There are many hormones that are involved in establishing and maintaining your health so that you can conceive and carry a pregnancy. One of the most important is the hormone called thyroxine which is produced by your thyroid gland. The role of this hormone is to regulate your metabolism much like the computer that regulates the idle speed in your car. If your thyroid hormone production is too low; you may feel sluggish like a car that is trying to stall whereas if your levels are too high you may feel overheated and agitated like a car whose engine is revving inappropriately. Although these examples of the extreme shifts of thyroid hormones are fairly easy to diagnose and treat; there are many subtle imbalances that may still hamper your fertility. An example is the condition called “subclinical hypothyroidism.”
Subclinical hypothyroidism is defined as the state of having an elevated level of TSH (thyroidstimulating hormone) but a normal thyroxine level. In other words, the brain is sending a signal to the thyroid gland to boost production of thyroxine but the thyroid gland isn’t responding fully. This imbalance occurs in about 8% of the general population but it is much more common in women with infertility. If left untreated, several studies suggest that overt hypothyroidism can result; having an adverse effect upon both the mother and her developing baby. New studies are now providing much needed information to settle this debate on when and if this subtle hormone imbalance should be treated.
Earlier this year, a study reviewed the impact that treating subclinical hypothyroidism had upon the outcome of IVF treatment. Since the IVF process allows us to assess egg quality, fertilization, embryo quality and the implantation rate following embryo transfer, it offers us the most precise means to assess the impact of this therapeutic intervention. In this study patients with subclinical hypothyroidism were randomly assigned to treatment with thyroid supplementation or placebo. Those that received the hormone boost had better embryo quality, higher implantation rate and a reduced chance at having a miscarriage–all positive findings for couples trying to have a child.
Another larger study was published last year which was designed to evaluate the pregnancy loss rate as well as the preterm delivery risk in pregnant women with subclinical hypothyroidism. This was a “non intervention study” which means that they were just observing the outcome of the pregnancies without deciding when or who to treat. They found that women with untreated subclinical hypothyroidism had twice the risk of first trimester loss providing strong evidence to support the therapeutic intervention with thyroid supplementation.
Finally, there have been studies suggesting that women with subclinical hypothyroidism may develop low thyroid hormone levels if they consume a diet that is high in products made from soybeans (defined as more than 30g of soy protein per day which includes 16 mg or more of phytoestrogens). That’s because these estrogen-like chemicals produced by soy can reduce the ability of your body to convert thyroid hormone into its active form. In one study that actually looked at the effect of this dietary change, they found that 6 out of 60 patients developed low thyroid hormone levels due to a shift to a high soy diet. So although this healthy change in food choices can increase the risk of hypothyroidism it is not an inevitable change.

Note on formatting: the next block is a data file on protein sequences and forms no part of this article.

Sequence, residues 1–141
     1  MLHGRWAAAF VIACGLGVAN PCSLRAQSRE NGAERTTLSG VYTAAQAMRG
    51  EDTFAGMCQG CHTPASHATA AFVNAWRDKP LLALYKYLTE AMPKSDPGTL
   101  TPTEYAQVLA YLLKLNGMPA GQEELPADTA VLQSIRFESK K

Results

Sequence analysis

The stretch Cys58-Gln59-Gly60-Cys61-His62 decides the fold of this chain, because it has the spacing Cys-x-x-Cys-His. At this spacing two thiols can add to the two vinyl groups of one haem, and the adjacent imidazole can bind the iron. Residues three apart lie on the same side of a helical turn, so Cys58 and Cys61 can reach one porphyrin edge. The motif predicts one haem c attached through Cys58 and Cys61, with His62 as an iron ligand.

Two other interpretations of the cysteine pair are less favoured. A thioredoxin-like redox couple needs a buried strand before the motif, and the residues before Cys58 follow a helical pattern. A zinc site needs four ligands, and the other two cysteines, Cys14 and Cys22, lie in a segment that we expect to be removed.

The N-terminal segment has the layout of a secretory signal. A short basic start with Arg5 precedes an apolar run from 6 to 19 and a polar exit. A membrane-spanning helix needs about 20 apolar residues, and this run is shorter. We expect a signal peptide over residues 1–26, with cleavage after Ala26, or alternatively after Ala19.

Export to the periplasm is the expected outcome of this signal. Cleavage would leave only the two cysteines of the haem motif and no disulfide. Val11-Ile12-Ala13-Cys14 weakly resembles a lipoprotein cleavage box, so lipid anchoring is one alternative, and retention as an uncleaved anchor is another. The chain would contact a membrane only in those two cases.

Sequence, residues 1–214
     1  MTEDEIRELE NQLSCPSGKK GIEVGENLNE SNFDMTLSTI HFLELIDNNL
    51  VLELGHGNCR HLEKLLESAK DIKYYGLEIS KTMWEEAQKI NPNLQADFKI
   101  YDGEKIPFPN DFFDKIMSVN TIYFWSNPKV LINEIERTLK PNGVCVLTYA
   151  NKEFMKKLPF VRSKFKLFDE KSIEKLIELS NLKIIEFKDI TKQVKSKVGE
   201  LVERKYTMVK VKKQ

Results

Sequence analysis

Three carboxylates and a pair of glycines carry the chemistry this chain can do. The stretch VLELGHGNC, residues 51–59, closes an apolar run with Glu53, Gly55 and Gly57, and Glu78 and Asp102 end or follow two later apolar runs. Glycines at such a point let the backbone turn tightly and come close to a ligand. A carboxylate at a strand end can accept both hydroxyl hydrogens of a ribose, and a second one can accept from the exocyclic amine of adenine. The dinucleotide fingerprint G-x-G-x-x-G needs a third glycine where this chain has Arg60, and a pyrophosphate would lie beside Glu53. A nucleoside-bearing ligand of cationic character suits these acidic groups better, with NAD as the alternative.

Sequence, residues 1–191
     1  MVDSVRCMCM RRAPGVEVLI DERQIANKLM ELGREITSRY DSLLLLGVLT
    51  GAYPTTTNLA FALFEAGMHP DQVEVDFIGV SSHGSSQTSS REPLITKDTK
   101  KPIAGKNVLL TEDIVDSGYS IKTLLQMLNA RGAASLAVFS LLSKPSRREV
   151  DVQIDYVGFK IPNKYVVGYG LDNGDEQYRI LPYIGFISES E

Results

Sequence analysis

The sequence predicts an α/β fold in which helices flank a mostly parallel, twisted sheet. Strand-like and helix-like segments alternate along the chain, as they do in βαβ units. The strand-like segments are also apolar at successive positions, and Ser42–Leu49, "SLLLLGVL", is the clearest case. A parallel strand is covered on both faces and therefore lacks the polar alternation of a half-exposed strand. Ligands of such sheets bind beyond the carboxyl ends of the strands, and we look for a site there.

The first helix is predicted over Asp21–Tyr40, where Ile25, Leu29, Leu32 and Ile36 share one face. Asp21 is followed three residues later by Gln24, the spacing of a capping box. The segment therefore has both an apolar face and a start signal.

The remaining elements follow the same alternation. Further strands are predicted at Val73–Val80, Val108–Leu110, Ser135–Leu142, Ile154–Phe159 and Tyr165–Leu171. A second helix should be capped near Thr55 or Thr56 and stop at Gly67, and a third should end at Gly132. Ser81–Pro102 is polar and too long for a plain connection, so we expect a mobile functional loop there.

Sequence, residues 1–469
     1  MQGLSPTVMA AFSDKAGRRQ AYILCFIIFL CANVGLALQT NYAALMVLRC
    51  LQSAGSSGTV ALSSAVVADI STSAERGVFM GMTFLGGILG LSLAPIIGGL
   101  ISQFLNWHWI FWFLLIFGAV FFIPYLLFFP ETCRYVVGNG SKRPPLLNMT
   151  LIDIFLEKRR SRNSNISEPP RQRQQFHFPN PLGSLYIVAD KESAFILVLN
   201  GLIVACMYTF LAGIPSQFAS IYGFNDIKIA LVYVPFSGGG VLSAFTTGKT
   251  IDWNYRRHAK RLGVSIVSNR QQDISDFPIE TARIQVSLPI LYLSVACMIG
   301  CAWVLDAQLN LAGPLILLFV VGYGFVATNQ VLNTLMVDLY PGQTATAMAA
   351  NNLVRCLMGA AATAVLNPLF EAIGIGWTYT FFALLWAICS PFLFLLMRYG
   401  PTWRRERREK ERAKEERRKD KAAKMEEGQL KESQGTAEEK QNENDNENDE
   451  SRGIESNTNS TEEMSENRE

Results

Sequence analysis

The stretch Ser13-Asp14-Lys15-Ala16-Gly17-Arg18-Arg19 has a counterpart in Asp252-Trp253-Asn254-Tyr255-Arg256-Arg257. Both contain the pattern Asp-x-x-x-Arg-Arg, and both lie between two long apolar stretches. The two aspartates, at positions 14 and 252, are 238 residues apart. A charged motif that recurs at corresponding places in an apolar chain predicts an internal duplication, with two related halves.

My recommendation is that if you have subclinical hypothyroidism that you monitor your condition closely and consult with your doctor as to whether or not you may benefit from supplementation with thyroxine (thyroid hormone) during your fertility treatment and pregnancy.
7 thoughts on “Thyroid Hormone, conception and miscarriage: here’s what the studies show regarding borderline low thyroid levels”
I was a patient of yours, a few months ago, at your last clinic. Are you still practicing? I’d prefer to continue with you.
Thank you for your continued confidence. I am in the process of relatocating to join the practice at CNY Fertility Center. I encourage you to check out their website: http://cnyfertility.com/. This is a very exciting move for me as this center truly integrates all of the best treatment options in a very individualized and relaxing setting. Better still, their treatment options are priced extremely competitively in order to minimize the financial obstacles that patients may encounter at other centers. In fact, even with travel costs from California you may still find it to be less expensive! Hope to see you there.
Robert Greene, MD, FACOG
Many thanks. Dr Greene! I will look into that.
is synthroid a good medication to take? is it the same as thyroxine or something else?
Synthroid is one of many possible options that are all excellent. They are produced in a sterile laboratory–a plus in my mind over the animal-derived options–but are absorbed and recognized by your body as identical to what your own thyroid produces. Better still, it is a reliable manufacturer. Thyroxine is simply the generic name for the product that you are using.
Robert Greene, MD, FACOG
How can you tell if you are subclinical? What numbers should we be looking at? What tests should we have run?
The definition of subclinical hypothyroidism is the first line in the second paragraph. It has to with measurements of TSH and thyroxine.
Robert Greene, MD, FACOG
CNY Fertility Center